So you’ll dig it, but your dog will be non-plussed.

Look, I’m goofing around here. The truth is, the MDX is a damn fine vehicle, one that competes very nicely in the segment.Continue Reading

Dom In The Morning Blog

Review: 2019 Lexus UX 250h AWD

The crossover/SUV market is getting more crowded with choices every month, it seems. You have access to plenty that will dominate the space in your garage and maybe even necessitate parking farther out in the grocery store lot in order to not be squeezed into a tiny space.

Slowly but surely, car makers are realizing that there’s a pretty good demand for something in the category that doesn’t overwhelm you. Lexus, which already has a few winners in the crossover arena (see the Lexus RX350, which I reviewed here) and now they’re proudly unveiling their newest player.

The UX 250h is the hybrid version of the brand new UX. If you opt for the traditional engine, it’s the UX 200.

I drove the hybrid 250h for a week.

The Basics

This is a sweet looking crossover. Although it’s smaller than its family members, the RX and the NX, it doesn’t seem shrimpy. Granted, storage space has been sacrificed, especially in the hybrid, but not to the point where it seems tiny.

The exterior modeling has been quite well done. I found the UX to be one of the more attractive crossovers I’ve driven.

It’s available in two trim levels, the base and the F Sport. A 2.0-liter, 4-cylinder engine is paired with a couple of motors. Altogether the package delivers 181 horsepower.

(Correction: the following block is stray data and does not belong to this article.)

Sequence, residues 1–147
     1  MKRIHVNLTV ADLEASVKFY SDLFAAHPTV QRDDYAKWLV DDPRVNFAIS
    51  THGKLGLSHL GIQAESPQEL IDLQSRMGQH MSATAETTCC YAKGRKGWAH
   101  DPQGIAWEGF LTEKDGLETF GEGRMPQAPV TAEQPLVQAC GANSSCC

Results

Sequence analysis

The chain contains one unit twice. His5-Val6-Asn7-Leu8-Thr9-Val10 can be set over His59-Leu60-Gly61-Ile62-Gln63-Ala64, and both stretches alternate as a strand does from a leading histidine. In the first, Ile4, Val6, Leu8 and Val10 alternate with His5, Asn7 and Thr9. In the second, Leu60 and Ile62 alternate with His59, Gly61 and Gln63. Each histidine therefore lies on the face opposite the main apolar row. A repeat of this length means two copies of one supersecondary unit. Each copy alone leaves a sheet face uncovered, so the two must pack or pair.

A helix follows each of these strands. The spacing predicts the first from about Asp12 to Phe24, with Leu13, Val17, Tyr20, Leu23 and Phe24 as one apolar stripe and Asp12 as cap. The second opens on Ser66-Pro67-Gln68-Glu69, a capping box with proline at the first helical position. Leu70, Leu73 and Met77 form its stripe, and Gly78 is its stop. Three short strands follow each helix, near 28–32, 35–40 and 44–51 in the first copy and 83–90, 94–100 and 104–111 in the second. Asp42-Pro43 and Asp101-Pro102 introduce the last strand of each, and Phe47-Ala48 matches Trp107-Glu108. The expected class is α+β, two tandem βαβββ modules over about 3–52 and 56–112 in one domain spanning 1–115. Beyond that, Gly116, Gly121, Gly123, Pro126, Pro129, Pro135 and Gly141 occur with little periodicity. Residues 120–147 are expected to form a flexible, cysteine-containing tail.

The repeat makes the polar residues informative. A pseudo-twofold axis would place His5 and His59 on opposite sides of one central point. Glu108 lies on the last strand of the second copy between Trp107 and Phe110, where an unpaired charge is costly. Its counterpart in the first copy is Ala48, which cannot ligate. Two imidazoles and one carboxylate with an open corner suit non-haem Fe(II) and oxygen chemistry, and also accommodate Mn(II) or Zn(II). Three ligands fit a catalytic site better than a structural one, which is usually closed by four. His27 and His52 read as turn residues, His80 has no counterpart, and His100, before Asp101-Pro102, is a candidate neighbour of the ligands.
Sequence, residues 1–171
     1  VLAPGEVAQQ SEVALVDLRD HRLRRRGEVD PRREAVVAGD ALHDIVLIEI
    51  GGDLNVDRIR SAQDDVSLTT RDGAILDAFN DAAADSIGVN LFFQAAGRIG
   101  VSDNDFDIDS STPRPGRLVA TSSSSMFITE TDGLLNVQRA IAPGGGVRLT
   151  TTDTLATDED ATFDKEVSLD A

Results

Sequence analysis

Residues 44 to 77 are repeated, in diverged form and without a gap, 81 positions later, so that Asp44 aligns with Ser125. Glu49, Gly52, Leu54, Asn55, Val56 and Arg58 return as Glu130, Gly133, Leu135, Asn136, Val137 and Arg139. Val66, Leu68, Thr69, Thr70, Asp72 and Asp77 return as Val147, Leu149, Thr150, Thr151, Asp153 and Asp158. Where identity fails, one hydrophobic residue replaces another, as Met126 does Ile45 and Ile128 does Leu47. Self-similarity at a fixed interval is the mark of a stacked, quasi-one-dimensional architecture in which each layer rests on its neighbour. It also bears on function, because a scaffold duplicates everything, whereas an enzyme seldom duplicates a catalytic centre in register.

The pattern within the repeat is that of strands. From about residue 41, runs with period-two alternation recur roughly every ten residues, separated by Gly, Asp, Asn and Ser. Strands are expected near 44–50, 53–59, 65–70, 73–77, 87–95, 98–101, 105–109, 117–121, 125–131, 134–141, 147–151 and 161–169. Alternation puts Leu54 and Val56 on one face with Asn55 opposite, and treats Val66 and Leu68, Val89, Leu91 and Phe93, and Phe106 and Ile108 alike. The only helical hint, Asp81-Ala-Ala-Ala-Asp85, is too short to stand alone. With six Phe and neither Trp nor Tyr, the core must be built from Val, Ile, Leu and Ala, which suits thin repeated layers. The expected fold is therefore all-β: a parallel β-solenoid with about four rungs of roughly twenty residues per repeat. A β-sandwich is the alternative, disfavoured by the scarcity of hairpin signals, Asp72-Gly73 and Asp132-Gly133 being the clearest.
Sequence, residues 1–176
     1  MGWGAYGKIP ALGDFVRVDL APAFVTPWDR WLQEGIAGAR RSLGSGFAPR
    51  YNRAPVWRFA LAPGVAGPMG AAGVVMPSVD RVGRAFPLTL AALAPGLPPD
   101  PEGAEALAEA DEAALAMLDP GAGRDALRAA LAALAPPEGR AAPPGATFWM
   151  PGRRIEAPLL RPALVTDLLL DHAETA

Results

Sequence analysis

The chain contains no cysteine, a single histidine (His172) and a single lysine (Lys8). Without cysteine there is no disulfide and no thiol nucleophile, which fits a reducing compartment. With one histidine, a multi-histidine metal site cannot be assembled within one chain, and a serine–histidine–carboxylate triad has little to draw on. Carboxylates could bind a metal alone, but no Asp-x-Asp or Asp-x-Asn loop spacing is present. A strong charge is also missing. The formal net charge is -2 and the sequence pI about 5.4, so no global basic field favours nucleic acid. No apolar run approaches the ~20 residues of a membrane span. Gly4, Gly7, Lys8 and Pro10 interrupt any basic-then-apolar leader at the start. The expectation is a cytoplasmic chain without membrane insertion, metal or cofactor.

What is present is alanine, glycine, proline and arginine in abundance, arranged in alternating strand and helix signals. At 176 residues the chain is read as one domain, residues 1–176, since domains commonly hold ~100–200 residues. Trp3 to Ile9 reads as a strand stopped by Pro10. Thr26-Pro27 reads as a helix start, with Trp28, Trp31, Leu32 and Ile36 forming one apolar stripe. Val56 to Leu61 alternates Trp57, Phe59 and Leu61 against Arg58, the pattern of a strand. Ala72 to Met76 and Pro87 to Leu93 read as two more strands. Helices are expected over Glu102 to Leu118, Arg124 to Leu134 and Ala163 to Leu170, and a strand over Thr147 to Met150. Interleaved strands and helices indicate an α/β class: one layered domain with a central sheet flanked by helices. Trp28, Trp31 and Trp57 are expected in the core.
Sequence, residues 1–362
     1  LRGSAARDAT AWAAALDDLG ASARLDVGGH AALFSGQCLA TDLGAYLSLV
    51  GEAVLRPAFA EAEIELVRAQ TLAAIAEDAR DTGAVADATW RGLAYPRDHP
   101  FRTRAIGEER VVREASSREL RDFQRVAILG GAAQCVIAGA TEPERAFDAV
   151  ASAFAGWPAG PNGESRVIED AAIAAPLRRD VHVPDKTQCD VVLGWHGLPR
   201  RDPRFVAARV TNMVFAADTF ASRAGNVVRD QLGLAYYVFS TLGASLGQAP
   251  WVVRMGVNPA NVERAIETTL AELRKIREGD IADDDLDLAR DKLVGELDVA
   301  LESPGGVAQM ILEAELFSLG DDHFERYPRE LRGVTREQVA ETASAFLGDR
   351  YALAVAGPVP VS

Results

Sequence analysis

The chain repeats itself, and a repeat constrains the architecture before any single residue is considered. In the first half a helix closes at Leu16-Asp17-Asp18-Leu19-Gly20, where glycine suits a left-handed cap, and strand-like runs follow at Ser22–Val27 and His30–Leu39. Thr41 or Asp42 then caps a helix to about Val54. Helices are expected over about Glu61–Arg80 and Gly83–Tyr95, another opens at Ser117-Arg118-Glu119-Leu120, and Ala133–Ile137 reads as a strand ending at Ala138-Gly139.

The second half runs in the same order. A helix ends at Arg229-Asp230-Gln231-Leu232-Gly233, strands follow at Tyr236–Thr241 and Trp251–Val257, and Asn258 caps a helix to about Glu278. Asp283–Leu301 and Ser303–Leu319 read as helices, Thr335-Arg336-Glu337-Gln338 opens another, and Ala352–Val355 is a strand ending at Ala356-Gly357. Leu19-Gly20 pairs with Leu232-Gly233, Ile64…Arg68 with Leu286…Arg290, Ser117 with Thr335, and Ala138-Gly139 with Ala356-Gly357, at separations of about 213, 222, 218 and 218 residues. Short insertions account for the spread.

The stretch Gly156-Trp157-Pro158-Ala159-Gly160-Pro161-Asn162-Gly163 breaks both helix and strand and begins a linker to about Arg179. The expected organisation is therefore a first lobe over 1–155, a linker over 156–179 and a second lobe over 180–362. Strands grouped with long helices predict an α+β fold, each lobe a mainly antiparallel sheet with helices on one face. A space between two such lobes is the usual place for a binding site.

A third electric motor is assigned to power the rear wheels in order to provide all-wheel drive. The non-hybrid UX 200 is only available with traditional front-wheel drive.

One thing you’ll notice is that this vehicle rides lower to the ground than most of the crossover/SUVs you might be used to. That’s an important consideration for some people, although it didn’t bother me a bit. In fact, I felt like it provided the 250h with a sportier, more nimble ride.

The Interior

I’ve yet to be disappointed with the smooth comfort of a Lexus cockpit. Again, there’s some styling that makes it stand out, although more than a few people have pointed out that Lexus cut a few corners in order to make this model more affordable.

I never felt like it cheapened the UX at all.

Things are laid out fine, with a nice setup of virtual gauges for the driver to see between the steering wheel. With its smaller, more intimate interior, everything is easy to reach. In my notes I actually used the word ‘snug,’ but not in a derogatory way. Sometimes I really appreciate a snug driver’s space.

If you’re looking for an SUV with tons of cargo space, you’ve come to the wrong place. The standard UX 200 has about 22 cubic feet, while the hybrid edition is limited to 17. It all depends on your priorities; I’ve never demanded the capability to haul a grand piano, so the UX’s modest way-back space is fine by me.

To help matters, the rear seat features a 60/40 split fold down.

What wasn’t as fine was the storage up front. We’re all getting spoiled to those wide/deep bins and cubbys, and you won’t get those here. I’d rate the storage in the front as okay.

The leather-stitched seats were very comfortable, but that’s pretty much a given with any Lexus. The two-toned look isn’t my personal favorite, but Gretchen thought it was nice.

The driver and front passenger get plenty of room, and although the rear seat can technically hold three additional passengers, two would be better. Remember, we’re talking about a smaller crossover here, so don’t think you’re getting the space of a Lincoln Navigator or anything.